● deep water exercises (in water deep enough to exert a buoyancy effect, an upward force on the body that opposes or "decreases" the body's weight), and
● bicycling (no standing on your toes, use light resistance initially, and focus on pushing with your "quads" on the front of your thigh).
These are examples of what is called "relative rest", exercises that promote health and fitness in ways that do not create further irritation and allow the body to heal.
But cross-training is not only a good treatment tool (for shin splints). It's also a good prevention tool. In fact, many doctors believe that some of the injuries we get, particularly overuse injuries, actually occur because we focus all of our attention on playing one sport instead of participating in many sports or different exercise routines.* The variety offered by other sports or exercise/training programs teaches the muscles, joints, and other tissues of the body to react to all different types of stress, limiting the ability of these injuries to sneak up on you and your body. Of course, occasional rest periods help too.
* Dr. James Andrews, "STOP Sports Injuries: Keeping Kids in the Game for Life," 2011, <http://www.STOPSportsInjuries.org >, (accessed October 1, 2011).
Treating the Problem
Treating the problem may vary depending on the cause, but in general doctors often recommend:
■ Ice to decrease pain and control inflammation
■ Elevation and ankle pumping to control swelling
■ Compression with an elastic sleeve to control excessive swelling (though be careful here: if your pain increases, or symptoms of numbness or swelling below the wrapped area start to occur, remove the sleeve immediately)
■ Get a massage (or do some self-massage), not only to help relax tight muscles and connective tissues, but also to release swelling in the area
■ A prescribed or over-the-counter pain reliever or anti-inflammatory medication (always check with your doctor before taking any medications)
■ Wear the right boots (for your foot type, your type of walking or running stride, and the playing surface)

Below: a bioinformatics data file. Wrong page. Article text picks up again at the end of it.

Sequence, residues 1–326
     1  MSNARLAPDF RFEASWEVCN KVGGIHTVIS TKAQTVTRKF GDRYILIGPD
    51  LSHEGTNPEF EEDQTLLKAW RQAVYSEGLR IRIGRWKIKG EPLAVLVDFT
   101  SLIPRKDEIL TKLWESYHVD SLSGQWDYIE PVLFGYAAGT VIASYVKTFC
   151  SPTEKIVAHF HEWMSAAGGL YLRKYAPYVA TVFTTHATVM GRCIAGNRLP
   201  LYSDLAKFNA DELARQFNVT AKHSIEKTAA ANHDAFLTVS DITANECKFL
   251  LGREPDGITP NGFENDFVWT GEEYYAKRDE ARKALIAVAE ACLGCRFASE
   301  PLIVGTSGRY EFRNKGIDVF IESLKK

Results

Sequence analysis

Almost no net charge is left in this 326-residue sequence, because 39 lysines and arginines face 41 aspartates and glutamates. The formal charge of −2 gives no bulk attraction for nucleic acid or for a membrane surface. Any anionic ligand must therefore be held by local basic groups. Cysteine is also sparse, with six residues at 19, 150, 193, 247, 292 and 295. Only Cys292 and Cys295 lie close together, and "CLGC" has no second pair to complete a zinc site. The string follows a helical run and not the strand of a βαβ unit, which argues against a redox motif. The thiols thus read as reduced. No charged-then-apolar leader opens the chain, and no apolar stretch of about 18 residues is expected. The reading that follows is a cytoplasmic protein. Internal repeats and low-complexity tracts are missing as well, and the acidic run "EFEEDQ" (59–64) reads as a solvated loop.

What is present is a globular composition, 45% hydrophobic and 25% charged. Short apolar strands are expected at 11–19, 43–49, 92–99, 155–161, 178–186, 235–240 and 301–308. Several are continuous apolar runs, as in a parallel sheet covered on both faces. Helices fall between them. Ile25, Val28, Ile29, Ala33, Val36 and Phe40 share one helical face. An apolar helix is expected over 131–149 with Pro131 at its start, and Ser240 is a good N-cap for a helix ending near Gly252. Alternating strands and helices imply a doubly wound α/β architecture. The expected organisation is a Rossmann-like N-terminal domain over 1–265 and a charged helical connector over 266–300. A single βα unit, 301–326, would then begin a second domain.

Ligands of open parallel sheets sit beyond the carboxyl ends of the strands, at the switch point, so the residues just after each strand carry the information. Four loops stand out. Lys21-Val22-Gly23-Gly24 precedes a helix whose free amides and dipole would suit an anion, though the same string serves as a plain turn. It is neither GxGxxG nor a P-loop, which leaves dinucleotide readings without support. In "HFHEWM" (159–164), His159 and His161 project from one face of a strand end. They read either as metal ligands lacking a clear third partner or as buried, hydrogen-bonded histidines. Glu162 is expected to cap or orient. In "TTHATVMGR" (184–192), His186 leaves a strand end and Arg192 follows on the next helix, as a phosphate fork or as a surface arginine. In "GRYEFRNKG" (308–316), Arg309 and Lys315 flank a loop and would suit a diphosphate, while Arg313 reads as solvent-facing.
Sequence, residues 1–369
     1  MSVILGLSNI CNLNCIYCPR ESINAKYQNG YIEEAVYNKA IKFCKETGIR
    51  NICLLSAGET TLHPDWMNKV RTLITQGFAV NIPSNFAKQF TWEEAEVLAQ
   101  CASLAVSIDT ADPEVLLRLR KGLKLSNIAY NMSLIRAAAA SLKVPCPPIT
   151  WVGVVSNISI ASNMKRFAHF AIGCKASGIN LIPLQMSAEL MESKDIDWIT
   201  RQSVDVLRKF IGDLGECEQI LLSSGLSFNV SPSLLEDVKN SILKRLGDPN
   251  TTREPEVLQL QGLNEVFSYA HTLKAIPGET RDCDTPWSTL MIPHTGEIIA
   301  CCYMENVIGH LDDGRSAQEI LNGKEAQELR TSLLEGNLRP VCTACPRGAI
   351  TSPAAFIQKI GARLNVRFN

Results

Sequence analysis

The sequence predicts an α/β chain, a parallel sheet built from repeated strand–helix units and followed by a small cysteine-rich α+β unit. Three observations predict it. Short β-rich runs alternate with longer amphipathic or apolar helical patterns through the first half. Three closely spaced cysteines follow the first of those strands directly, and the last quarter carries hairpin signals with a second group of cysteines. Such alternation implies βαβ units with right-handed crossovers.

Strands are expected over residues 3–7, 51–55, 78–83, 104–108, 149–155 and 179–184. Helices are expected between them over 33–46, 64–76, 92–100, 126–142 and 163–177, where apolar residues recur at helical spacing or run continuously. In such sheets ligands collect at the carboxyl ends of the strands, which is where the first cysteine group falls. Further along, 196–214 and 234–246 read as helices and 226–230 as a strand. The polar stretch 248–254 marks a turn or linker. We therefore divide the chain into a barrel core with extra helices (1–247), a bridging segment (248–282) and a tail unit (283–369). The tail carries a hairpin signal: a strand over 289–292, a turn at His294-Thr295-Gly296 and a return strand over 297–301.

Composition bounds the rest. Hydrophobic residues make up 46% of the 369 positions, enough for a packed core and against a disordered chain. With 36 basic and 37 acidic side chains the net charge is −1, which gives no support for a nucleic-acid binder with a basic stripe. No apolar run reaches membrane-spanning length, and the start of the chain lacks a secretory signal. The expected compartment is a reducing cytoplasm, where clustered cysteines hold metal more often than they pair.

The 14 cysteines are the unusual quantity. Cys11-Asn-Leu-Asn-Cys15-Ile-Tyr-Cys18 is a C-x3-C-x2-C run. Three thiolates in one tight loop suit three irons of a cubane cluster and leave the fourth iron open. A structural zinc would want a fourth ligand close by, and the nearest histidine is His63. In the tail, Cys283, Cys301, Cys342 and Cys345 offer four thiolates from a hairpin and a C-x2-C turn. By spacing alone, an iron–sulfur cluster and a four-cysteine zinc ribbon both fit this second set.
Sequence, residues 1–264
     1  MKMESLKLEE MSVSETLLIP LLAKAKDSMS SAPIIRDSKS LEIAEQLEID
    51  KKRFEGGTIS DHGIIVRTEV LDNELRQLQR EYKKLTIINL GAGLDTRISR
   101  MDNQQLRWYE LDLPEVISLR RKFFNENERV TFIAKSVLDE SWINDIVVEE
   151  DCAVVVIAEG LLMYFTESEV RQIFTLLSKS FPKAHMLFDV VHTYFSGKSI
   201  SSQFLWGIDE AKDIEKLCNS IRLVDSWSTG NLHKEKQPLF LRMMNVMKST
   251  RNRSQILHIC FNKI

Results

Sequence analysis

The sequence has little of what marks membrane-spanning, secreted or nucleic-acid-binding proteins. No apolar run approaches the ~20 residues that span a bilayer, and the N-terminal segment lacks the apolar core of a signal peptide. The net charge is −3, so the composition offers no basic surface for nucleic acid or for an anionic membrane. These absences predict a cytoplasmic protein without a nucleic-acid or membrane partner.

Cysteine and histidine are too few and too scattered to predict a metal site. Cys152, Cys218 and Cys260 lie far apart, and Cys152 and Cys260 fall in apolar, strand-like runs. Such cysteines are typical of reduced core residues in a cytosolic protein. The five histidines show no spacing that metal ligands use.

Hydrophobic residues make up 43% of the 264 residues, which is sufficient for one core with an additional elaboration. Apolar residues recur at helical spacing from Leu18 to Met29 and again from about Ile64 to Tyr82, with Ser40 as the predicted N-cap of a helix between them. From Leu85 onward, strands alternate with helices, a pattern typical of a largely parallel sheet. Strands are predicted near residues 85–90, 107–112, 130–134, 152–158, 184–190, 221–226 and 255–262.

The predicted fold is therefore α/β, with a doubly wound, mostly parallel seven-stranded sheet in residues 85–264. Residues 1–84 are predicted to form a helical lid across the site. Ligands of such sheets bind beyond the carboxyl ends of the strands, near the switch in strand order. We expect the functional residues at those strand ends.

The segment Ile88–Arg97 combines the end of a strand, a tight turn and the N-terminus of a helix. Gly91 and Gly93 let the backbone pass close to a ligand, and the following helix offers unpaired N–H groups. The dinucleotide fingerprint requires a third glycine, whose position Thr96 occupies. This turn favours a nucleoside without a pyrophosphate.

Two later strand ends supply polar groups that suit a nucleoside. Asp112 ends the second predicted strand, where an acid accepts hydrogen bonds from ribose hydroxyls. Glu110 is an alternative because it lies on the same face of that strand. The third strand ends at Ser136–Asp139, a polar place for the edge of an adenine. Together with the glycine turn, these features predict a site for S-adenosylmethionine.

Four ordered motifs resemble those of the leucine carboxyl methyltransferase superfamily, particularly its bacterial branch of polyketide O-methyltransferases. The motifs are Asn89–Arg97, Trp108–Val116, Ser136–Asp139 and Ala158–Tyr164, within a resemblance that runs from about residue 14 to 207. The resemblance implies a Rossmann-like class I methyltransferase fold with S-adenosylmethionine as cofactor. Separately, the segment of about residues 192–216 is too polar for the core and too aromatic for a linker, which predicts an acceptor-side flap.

■ Proper arch supports (as appropriate)
■ Stretching of tight leg muscles
■ Gradual pain-free strengthening of your leg muscles (after recovery, strengthening the involved muscles will also help)
■ Balance exercises to reeducate muscles (later in recovery)
If It's Not Shin Splints…Then What?
As we have said, shin splints can be a warning sign or precursor for future damage. At the same time, your leg pain may not be from shin splints at all.It can be another diagnosis entirely. The two most common candidates are thought to be stress fractures and compartment syndromes.
◊ Stress fractures are breaks in the bone that occur from repetitive use. They are like the tiny cracks in a concrete path that happen after the concrete expands and contracts in hot and cold weather over time.In the body it comes from stresses on the bone above and beyond what the bone can tolerate—the bone starts to break down at a pace faster than it can be repaired or replaced...and then it fails. Stress fractures can progress to more complicated fractures if not properly treated.
◊ Compartment syndrome is another problem that can show up in the leg. Here swelling starts in the leg, perhaps due to an irritation of the muscle, the other soft tissues in the leg, and/or the surface of the bone. The problem with swelling in an area like the leg is that the leg is divided into compartments by a tissue called fascia, which attaches between the two bones of the leg or between a bone and the skin [Figure 3].
These fascia place the different muscles and specific nerves and blood vessels into compartments where swelling can become trapped. This build-up of fluid creates pressure in the compartment, resulting in pain.If the pressure is too great, it can cut off circulation and cause nerve damage, affecting, among other things, your ability to move your foot (or ankle) and to feel your foot (or leg). While Ultrasound and MRI tests may tell you that you have compartment swelling, compartment pressure is best evaluated by injecting a specialized needle attached to a pressure gauge into the area. If the pressure is determined to be too high, the doctor will likely recommend surgery to cut the fascia. This releases the swelling, taking the pressure off of the nerves and blood vessels.
Ohhh... And Let's Not Forget
Pain can also happen in the leg for several other reasons such as tumors and referred pain from the back or hip, so it's important to see your doctor for a proper diagnosis.